The gannets are still in Virginia (at least there were plenty of them when I was at the beach last Saturday) but soon they'll head back north for the spring and summer. I love their coloring (you can't see the feet, but they are green veined with black - very dramatic).

I was happy to get this shot of a northern gannet motoring along in the surf fairly close to shore - they tend to stay farther out in the water usually. Their feathers are waterproof. 

I think I love seabirds because they seem to be able to live without territory, without having to mark out a place on land. Obviously they need land for their nests, but otherwise, they are ocean-going all the time.  I wonder what it would be like to live without having to mark my territory.

Collect for Tuesday in the Second Week of Lent

  1. O God, you willed to redeem us from all iniquity by your Son: Deliver us when we are tempted to regard sin without abhorrence, and let the virtue of his passion come between us and our mortal enemy; through Jesus Christ our Lord, who lives and reigns with you and the Holy Spirit, one God, for ever and ever. Amen. 

Monday, March 17, 2014

Collect for Monday in the Second Week of Lent

  1. Let your Spirit, O Lord, come into the midst of us to wash us with the pure water of repentance, and prepare us to be always a living sacrifice to you; through Jesus Christ our Lord, who lives and reigns with you and the Holy Spirit, one God, for ever and ever. Amen.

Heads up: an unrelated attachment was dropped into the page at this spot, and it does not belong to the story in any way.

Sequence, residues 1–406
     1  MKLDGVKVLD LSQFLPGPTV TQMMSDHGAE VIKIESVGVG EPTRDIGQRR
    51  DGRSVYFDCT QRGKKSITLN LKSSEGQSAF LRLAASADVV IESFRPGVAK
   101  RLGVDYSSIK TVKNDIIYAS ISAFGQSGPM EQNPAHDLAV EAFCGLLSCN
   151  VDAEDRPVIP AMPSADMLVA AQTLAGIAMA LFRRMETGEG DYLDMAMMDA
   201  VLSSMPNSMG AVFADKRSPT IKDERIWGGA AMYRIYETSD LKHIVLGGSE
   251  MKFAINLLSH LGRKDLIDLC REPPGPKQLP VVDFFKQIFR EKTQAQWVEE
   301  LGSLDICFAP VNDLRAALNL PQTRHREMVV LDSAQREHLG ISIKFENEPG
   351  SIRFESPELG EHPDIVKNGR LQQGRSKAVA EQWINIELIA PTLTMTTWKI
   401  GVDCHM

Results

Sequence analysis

Sunday, March 16, 2014

Collect for the Second Sunday in Lent

O God, whose glory it is always to have mercy: Be gracious to all who have gone astray from your ways, and bring them again with penitent hearts and steadfast faith to embrace and hold fast the unchangeable truth of your Word, Jesus Christ your Son; who with you and the Holy Spirit lives and reigns, one God, for ever and ever. Amen.

Saturday, March 15, 2014

Saturday Morning Music for Lent: Agnus Dei (Barber)

The Choir of New College, Oxford, Directed by Edward Higginbottom sings Samuel Barber's Agnus Dei (Lamb of God).

Friday, March 14, 2014


(This post first appeared in Forward Movement's 2014 daybook Seeking God Day by Day.)

I saw a nifty photo on Facebook - a person holding up a hand-lettered sign that simply shad, "Be Awesome."

"Yeah!" I thought as soon as I saw it. "I want to be awesome! I'm going to be awesome today!"

It didn't take five minutes, though, for the self-doubt to set in. I'm not awesome. In fact, I'm incredibly flawed. I get so much wrong, every day, in my thoughts, words, and deeds. I am so not awesome.

And so once again I fall into the abyss of perfectionism.  Because I am not perfect, I am unworthy. I can't be awesome because I am not perfect. It's all-or-nothing thinking, which is paralyzing and stunting. If I don't do anything, then I won't mess up.

Awesome is not the same as perfect, though. No human is perfect; every human makes mistakes. So by my self-doubting calculation, nobody can be awesome.